CSS Selectors: Attribute Selectors

By Tiffany Brown


The following is an extract from our book, CSS Master, written by Tiffany B. Brown. Copies are sold in stores worldwide, or you can buy it in ebook form here.

Attribute selectors match elements based on their attributes. This can be an attribute alone, such as [type], or it can be an attribute and value combination, such as [type=checkbox] or [for="email"].

We can also do attribute presence and substring matching with attribute selectors. For example, we can match attribute values in a space-separated list, or we can match attribute values that start with tel:. We can even match hyphenated attribute values such as en-US.

Some of the attribute selectors we’ll cover here are old hat. Both the hyphenated attribute value selector and the space-separated attribute value selector were defined in CSS2. Selectors Level 3, on the other hand, adds a few powerful selectors that let us match partial attribute values.

We’ll focus on the new and lesser-known attribute selectors in this section. Let’s take a look.

Matching Attribute Presence

It’s common to match elements based on the exact value of their attributes. Reset style sheets commonly use selectors selector such as [type=text] and [type=email]. But we can also match attributes when there are multiple space-separated values. We need to use our space-separated attribute value selector: [att~=val].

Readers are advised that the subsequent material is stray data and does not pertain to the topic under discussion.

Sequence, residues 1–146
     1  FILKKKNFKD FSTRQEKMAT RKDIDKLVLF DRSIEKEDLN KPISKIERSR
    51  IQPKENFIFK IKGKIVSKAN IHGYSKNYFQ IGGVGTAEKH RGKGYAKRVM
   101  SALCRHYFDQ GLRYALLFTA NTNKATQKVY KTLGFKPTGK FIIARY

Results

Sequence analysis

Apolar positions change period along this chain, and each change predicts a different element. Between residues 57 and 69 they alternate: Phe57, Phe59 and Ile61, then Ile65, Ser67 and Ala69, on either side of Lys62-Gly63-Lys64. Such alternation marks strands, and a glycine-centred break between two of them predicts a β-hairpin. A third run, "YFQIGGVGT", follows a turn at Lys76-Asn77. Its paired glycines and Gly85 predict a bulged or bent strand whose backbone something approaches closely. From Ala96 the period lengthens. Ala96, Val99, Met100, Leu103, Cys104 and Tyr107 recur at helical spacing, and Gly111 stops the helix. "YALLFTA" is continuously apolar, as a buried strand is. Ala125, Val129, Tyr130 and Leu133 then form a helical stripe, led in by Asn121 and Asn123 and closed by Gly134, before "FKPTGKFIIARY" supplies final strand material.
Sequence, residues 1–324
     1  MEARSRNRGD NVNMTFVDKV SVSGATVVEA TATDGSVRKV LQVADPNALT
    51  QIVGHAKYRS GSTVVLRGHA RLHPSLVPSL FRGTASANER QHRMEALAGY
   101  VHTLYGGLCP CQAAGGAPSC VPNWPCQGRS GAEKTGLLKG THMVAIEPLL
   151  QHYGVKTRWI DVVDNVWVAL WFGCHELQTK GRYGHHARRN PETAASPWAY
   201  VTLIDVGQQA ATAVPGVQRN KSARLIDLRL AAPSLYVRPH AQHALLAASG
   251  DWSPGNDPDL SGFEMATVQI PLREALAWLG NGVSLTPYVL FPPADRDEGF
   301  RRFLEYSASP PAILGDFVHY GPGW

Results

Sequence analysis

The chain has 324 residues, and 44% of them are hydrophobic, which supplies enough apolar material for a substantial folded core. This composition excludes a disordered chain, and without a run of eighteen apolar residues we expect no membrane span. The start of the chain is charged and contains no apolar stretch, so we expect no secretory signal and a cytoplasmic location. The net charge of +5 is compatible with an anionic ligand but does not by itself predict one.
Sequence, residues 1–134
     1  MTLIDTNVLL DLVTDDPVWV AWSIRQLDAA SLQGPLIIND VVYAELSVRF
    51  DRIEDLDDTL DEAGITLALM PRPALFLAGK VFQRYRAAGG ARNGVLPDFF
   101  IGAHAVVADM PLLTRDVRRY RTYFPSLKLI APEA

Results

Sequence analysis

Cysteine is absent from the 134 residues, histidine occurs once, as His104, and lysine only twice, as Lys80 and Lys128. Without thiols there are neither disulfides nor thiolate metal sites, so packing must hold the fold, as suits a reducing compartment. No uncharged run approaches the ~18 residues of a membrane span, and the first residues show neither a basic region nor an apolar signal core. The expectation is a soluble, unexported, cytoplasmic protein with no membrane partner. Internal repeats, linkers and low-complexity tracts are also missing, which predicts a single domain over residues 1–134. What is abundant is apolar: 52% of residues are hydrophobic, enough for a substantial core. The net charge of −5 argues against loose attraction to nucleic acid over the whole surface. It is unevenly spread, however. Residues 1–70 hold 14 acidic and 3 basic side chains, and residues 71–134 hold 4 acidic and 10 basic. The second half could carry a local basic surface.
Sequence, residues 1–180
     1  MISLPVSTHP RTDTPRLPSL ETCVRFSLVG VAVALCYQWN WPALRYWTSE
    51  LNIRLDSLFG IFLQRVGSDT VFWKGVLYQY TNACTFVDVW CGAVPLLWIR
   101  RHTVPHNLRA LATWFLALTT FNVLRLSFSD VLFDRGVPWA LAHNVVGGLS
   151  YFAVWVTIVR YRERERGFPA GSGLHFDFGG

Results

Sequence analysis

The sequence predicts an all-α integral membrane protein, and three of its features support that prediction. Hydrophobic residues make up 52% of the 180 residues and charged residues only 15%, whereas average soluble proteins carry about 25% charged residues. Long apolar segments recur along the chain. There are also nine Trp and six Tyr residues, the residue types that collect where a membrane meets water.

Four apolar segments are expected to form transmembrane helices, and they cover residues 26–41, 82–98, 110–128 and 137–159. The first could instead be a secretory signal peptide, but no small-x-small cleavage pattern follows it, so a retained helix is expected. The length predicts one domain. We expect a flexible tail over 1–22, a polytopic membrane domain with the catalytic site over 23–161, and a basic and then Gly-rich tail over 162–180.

The space-separated attribute value selector matches elements with the attribute att and a list of values, one of which is val. This can be any attribute that accepts space-separated values, including class or data-*.

Space-separated lists of attributes are admittedly uncommon. They are sometimes used with the rel attribute and microformats to describe relationships between people and documents. We might mark up an external link like so:

<a href="" rel="external friend">Bob</a>

We can then use this presence-based attribute selector to match this link and links like it:

[rel~=friend] {
    font-size: 2em;
    background: #eee;
    padding: 4px;
    text-decoration: none;
    border-bottom: 3px solid #ccc;
[rel~=friend]:visited {
    color: #34444C;
    background: #ffeb3b;
    border-color: #ffc107;

This gives us the image in the figure below.


Matching Hyphenated Attribute Values

One of the more interesting tasks we can do with attribute selectors is match elements with hyphenated attribute values by using [attr|=val]. This selector matches elements by attribute when its value is hyphenated and its prefix equals val.